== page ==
Chorea is an abnormal involuntary movement disorder.

It is one of a group of neurological disorders called dyskinesias. 

The term hemichorea refers to chorea of one side of the body, such as chorea of one arm but not both.

Chorea it  is characterized by brief, semi-directed, irregular movements that are not repetitive or rhythmic, but appear to flow from one muscle to the next. 

The dance-like movements of chorea often occur with athetosis, which adds twisting and writhing movements. 

Walking may become difficult, and include odd postures and leg movements. 

Unlike ataxia, which affects the quality of voluntary movements, or Parkinsonism, which is a hindrance of voluntary movements, the movements of chorea and ballism occur on their own, without conscious effort. 

Chorea is a hyperkinetic movement disorder. 

When chorea is serious, slight movements will become thrashing motions; this form of severe chorea is referred to as ballism, or ballismus.

Chorea usually local lies to extra parameter basal ganglia networks.

Huntington’s disease is a neurodegenerative disease and is the most common inherited cause of chorea. 

Other genetic causes of chorea are rare: inherited prion disease, the spinocerebellar ataxias, neuroacanthocytosis, dentatorubral-pallidoluysian atrophy, brain iron accumulation disorders, Wilson’s disease, benign hereditary chorea, Friedreich’s ataxia, mitochondrial disease and Rett syndrome.

The most common acquired causes of chorea are cerebrovascular disease and, in the developing world, HIV infection, usually through its association with cryptococcal disease.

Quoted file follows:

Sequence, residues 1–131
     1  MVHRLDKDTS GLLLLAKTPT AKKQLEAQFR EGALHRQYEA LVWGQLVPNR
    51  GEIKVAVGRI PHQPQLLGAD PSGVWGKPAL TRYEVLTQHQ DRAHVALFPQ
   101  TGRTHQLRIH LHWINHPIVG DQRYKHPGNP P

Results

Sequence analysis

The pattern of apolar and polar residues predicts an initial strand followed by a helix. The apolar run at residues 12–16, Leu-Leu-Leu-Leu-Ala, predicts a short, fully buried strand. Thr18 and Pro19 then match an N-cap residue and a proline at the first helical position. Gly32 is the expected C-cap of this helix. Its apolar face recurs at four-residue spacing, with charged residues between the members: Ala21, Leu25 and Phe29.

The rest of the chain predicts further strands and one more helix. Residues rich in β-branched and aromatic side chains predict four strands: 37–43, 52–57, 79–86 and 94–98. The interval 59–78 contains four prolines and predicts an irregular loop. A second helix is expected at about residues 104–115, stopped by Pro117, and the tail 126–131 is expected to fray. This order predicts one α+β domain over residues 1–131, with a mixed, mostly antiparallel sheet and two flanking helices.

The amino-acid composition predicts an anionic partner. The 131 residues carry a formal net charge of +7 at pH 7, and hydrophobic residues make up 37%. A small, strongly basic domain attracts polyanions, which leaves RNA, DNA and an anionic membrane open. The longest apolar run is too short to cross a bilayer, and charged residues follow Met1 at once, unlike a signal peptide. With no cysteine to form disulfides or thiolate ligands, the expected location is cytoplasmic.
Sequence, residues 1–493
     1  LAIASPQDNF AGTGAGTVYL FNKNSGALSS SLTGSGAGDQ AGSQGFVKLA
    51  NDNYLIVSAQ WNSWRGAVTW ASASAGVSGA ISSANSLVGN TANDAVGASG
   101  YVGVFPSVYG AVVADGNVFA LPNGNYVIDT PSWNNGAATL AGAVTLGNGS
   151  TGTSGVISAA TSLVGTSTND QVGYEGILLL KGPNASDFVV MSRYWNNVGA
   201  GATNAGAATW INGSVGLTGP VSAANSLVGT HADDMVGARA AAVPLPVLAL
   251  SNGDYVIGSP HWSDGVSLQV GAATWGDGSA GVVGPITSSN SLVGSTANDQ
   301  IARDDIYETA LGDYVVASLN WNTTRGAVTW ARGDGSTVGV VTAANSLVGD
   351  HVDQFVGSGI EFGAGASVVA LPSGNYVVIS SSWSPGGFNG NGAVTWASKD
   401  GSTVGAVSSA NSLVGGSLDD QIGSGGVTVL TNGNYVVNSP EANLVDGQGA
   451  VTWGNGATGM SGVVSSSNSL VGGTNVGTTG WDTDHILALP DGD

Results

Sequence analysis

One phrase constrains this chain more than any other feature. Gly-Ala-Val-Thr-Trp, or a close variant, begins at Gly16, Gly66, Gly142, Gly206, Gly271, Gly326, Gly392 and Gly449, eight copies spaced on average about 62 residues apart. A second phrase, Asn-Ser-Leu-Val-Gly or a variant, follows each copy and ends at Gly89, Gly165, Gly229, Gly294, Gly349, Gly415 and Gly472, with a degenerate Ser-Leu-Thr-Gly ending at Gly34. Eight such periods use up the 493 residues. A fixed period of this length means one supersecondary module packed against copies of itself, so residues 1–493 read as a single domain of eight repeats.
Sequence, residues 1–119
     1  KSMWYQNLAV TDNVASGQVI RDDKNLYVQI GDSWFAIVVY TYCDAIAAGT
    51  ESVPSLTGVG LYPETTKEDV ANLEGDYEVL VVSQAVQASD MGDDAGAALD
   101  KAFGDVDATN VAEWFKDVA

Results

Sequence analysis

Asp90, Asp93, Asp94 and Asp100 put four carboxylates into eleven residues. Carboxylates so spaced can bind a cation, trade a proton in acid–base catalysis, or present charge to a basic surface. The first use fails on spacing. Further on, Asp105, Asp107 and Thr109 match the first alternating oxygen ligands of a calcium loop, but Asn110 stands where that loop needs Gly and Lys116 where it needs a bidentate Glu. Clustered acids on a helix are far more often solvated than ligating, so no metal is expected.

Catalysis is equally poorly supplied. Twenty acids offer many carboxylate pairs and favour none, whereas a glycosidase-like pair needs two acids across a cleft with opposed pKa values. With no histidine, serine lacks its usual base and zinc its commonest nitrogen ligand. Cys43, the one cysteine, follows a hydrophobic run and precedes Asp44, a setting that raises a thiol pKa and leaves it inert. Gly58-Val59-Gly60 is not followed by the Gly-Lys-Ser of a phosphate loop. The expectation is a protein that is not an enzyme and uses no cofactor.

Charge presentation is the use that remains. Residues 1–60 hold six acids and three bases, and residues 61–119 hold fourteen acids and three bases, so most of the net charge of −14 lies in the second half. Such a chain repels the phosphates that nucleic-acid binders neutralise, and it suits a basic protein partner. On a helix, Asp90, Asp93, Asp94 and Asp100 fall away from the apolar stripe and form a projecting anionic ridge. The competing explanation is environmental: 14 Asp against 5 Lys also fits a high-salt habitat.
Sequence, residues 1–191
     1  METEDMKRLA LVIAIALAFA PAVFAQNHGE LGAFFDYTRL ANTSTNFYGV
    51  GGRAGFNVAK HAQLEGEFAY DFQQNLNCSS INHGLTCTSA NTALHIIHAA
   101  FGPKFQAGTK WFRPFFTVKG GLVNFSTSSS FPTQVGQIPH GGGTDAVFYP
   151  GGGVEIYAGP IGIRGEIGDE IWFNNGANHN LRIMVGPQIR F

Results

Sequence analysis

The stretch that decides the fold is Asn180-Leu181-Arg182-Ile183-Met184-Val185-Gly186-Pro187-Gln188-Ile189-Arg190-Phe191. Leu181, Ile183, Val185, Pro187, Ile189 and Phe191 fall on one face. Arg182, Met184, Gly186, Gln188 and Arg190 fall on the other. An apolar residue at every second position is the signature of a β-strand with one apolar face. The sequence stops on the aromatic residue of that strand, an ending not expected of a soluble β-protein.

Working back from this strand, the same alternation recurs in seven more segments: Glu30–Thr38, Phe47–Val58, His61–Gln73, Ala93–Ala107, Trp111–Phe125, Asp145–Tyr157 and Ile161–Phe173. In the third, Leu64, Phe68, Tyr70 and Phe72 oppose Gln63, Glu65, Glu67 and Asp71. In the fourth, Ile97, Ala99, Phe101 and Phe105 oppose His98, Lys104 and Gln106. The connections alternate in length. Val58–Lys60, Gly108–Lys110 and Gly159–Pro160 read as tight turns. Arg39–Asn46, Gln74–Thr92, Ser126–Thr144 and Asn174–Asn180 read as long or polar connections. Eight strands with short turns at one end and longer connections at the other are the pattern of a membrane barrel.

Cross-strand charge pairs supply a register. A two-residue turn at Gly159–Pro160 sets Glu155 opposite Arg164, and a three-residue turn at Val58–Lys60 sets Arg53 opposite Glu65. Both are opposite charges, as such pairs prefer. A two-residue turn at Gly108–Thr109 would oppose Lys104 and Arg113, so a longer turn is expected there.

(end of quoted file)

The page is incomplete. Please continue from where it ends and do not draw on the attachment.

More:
Sydenham’s chorea occurs as a complication of streptococcal infection. 

Twenty percent (20%) of children and adolescents with rheumatic fever develop Sydenham’s chorea as a complication. 

It is increasingly rare: penicillin, improved social conditions, and/or a natural reduction in the bacteria (Streptococcus) it has stemmed from. 

Chorea gravidarum refers to symptoms that occur during pregnancy. 

The disease resolves in 30% of patients before delivery but, in the other 70%, it persists. 

The symptoms then progressively disappear in the next few days following the delivery.

Chorea may also be caused by drugs: levodopa, anti-convulsants and anti-psychotics.

Other acquired causes include CSF leak, systemic lupus erythematosus, antiphospholipid syndrome, kappa light-chain monoclonal gammopathy of undetermined significance, thyrotoxicosis, polycythaemia rubra vera, transmissible spongiform encephalopathies, coeliac disease and gluten ataxia.


There is no standard course of treatment for chorea.

Huntington’s-related A common treatment is dopaminergic antagonists, although treatment is largely supportive. 

Tetrabenazine is the only FDA approved drug for the treatment of Huntington’s disease-related chorea.

Sydenham’s chorea-Haloperidol, carbamazepine and valproic acid. Usually involves antibiotic drugs to treat the infection, followed by drug therapy to prevent recurrence.

Chorea gravidarum haloperidol, chlorpromazine alone or in combination with diazepam, also pimozide can also be used.

Wilson’s disease -Reducing levels of copper in the body using D-penicillamine, trientine hydrochloride, tetrathiomolybdate, and other chelating agents

Drug-induced chorea Adjusting medication dosages.

Metabolic and endocrine-related choreas-Treated according to their causes.

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